Official Position Regarding Jazz Music; ca 1938
Click Here for Another Variation
DEPARTMENT OF POPULAR EDUCATION AND ART
Conditions Governing the Grant of Licenses for Dance Music
NEGROID: Belonging to a Negro race. This includes the African Negroes (and also those living outside of Africa), also Pygmies, Bushmen and Hottentots. NEGRITO: In the wider sense of the term, the short-statured, curly or frizzy-haired, dark-skinned inhabitants of Southeastern Asia, Melanesia and Central Africa.
1. Music: The Embargo on Negroid and Negrito Factors in dance Music and Music for Entertainments.
2. Introduction: The following regulations are intended to indicate the revival of the European spirit in the music played in this country for dances and amusements, by freeing the latter from the elements of that primitive Negroid and/or Negrito music, which may be justly regarded as being in flagrant conflict with the Europeon conception of music. These regulations constitute a transitory measure born of practical considerations and which must of necessity precede a general revival.
3. Prohibition: It is forbidden to play in public music which possesses to a marked degree characteristic features of the method of improvisation, execution, composition and arrangement adopted by Negroes and colored people. It is forbidden in publications, reports, programs, printed or verbal announcements, etc.:
Exceptions may Be permitted where such music is intended for a strictly scientific or strictly educational purpose and where such music is interpreted by persons having two or more Negroid or Negritic grandparents.
- (a) to describe music played or to be played with the words "jazz" or "jazz music."
- (b) to use the technical jargon described below, except in reference to or as a description of the instrumental and vocal dance music of the North American Negroes.
4. Descripton of The Main Characteristic Features of the Above-Mentioned Music which Differ from the European Conception of Music: The use of tonally undefined mordents, Ostentatious trills, double-stopping or ascendant glissandi, obtained in the Negro style by excessive vibrato, lip technique and/or shaking of the musical instrument. In jazz terminology, the effects known as "dinge," "smear" and "whip." Also the use of intentional vocalization of an instrumental tone by imitating a throaty sound. In jazz terminology, the adoption of the "growl" on brass wind instruments, and also the "scratchy" clarinet tone. Also the use of any intentional instrumentalization of the singing voice by substituting senseless syllables for the words in the text by "metalizing" the voice. In jazz terminology, so-called "scat" singing and the vocal imitation of brass wind instruments.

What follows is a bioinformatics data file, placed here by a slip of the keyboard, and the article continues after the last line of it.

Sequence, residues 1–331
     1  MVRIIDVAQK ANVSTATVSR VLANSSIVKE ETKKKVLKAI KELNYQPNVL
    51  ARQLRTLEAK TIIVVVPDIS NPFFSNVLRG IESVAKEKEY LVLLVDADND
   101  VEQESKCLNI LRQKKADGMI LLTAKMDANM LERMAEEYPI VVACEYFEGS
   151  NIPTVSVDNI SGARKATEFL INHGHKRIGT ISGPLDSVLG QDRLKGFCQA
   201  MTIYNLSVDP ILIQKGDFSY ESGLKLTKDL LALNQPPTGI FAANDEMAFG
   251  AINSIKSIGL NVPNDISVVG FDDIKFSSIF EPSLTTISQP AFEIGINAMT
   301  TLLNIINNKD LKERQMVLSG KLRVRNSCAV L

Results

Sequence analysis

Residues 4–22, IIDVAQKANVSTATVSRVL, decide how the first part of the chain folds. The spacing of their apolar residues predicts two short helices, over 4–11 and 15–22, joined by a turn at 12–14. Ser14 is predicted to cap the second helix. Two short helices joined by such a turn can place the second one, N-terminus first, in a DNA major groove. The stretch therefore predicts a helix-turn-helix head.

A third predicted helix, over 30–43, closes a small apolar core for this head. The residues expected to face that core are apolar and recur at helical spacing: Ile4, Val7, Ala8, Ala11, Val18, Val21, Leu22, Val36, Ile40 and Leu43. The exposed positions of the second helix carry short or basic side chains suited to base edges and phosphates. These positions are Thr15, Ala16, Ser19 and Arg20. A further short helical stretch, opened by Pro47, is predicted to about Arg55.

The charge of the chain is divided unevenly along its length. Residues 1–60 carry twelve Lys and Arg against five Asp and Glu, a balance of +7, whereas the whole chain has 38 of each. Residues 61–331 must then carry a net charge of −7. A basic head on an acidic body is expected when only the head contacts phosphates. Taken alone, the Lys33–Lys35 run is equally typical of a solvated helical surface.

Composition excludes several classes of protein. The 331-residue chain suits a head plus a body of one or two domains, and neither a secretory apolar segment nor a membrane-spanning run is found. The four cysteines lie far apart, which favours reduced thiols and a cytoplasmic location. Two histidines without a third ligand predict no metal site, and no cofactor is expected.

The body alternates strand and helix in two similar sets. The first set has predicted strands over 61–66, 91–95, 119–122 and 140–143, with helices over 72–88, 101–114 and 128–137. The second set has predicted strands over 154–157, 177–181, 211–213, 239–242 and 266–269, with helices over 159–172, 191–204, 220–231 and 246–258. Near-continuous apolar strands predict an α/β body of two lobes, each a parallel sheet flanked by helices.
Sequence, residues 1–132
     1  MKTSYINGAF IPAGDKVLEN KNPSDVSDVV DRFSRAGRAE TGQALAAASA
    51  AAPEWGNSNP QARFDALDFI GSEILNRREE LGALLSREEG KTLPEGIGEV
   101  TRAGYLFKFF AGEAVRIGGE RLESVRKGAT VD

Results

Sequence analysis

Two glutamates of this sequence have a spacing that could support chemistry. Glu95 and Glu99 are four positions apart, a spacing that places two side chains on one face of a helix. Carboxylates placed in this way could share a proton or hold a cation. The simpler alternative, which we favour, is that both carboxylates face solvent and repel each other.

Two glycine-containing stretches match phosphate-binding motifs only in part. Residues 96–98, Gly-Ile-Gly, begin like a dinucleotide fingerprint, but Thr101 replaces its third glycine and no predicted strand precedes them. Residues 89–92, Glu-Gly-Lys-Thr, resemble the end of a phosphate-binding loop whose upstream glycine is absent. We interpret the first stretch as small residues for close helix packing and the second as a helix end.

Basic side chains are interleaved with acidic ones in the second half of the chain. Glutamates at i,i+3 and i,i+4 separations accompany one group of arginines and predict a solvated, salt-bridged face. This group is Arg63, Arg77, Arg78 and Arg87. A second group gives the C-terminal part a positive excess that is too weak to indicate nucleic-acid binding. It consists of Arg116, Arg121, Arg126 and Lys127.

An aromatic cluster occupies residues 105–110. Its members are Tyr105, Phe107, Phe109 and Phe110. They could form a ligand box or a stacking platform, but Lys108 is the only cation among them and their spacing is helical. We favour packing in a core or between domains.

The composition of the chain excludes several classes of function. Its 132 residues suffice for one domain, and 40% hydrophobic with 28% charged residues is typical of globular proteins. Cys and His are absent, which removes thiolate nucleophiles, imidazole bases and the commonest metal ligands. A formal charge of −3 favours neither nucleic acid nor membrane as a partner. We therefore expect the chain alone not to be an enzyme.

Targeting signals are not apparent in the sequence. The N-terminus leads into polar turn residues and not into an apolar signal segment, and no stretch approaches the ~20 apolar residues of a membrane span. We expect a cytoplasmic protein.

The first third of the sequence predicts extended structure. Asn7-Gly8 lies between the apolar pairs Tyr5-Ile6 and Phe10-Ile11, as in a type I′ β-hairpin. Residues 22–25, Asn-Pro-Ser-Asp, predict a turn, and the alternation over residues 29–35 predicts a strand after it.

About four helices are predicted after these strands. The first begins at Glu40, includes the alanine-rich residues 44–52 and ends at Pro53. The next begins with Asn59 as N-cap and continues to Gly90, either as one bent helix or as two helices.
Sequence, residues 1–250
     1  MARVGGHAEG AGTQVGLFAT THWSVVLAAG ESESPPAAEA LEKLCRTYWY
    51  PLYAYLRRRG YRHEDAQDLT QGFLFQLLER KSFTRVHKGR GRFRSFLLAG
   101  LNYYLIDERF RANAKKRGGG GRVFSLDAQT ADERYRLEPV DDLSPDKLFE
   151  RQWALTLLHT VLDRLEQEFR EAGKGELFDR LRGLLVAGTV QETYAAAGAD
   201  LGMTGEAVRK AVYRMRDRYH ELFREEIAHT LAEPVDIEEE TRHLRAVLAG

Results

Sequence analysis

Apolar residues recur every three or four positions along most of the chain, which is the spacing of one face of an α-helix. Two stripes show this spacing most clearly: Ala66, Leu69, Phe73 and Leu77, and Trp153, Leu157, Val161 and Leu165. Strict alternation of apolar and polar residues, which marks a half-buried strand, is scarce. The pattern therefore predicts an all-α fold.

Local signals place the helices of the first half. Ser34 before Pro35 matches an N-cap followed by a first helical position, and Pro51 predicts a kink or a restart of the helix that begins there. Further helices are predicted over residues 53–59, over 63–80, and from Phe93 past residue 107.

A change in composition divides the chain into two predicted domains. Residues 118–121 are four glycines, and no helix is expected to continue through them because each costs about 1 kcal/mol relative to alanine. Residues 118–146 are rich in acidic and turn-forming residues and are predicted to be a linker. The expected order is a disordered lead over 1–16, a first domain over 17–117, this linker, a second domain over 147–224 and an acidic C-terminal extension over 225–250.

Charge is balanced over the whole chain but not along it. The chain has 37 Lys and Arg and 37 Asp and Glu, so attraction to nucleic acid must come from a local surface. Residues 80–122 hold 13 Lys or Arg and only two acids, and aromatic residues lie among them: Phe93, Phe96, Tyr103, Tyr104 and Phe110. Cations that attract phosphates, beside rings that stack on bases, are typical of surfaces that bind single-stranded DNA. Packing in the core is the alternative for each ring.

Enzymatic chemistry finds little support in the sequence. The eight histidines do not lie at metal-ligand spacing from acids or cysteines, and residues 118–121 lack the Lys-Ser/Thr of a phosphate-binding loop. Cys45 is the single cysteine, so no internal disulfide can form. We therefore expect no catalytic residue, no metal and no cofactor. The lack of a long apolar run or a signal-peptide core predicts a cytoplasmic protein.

Also the use in Negro fashion of harshly timbered and harshly dynamic intonations unless already described. In jazz terminology, the use of "hot" intonations. Also the use in Negro fashion of dampers on brass and woodwind instruments in which the formation of the tone is achieved in solo items with more than the normal pressure. This does not apply to saxophones or trombones.
Likewise forbidden, in the melody, is any melody formed in the manner characteristic of Negro players, and which can be unmistakably recognized.
5. Expressly Forbidden: The adoption in Negro fashion of short motifs of exaggerated pitch and rhythm, repeated more than three times without interruption by a solo instrument (or soloist), or more than sixteen times in succession without interruption by a group of instruments played by a band. In jazz terminology, any adoption of "licks" and "riffs" repeated more than three times in succession by a soloist or more than sixteen times for one section or for two or more sections. Also the exaggeration of Negroid bass forms, based on the broken tritone. In jazz terminology, the "boogie-woogie," "honky tonk" or "barrelhouse" style.
6. Instruments Banned: Use of very primitive instruments such as the Cuban Negro "quijada" (jaw of a donkey) and the North American Negro "washboard." Also the use of rubber mutes (plungers) for wind brass instruments, the imitation of a throaty tone in the use of mutes which, whether accompanied by any special movement of the hand or not, effect an imitation of a nasal sound. In jazz terminology, use of "plungers" and "Wah Wah" dampers. The so-called "tone color" mutes may, however, be used.
Also the playing in Negro fashion of long, drawn-out percussion solos or an imitation thereof for more than two or four three-time beats, more frequently than three times or twice in the course of 32 successive beats in a complete interpretation. In jazz terminology, "stop choruses" by percussion instruments, except brass cymbals. There is no objection to providing a chorus with percussion solos in places where a break could also come, but at not more than three such places.
Also the use of a constant, long drawn-out exaggerated tonal emphasis on the second and fourth beats in 4/4 time. In jazz terminology, the use of the long drawn-out "off beat" effect.
Reprinted From "Jazz Cavalcade: The Inside Story of Jazz"
by Dave Dexter, Jr. Criterion Music Corp. 1946
Thank God These Bastards Lost!!
Return to the W.A.M.S. Home Page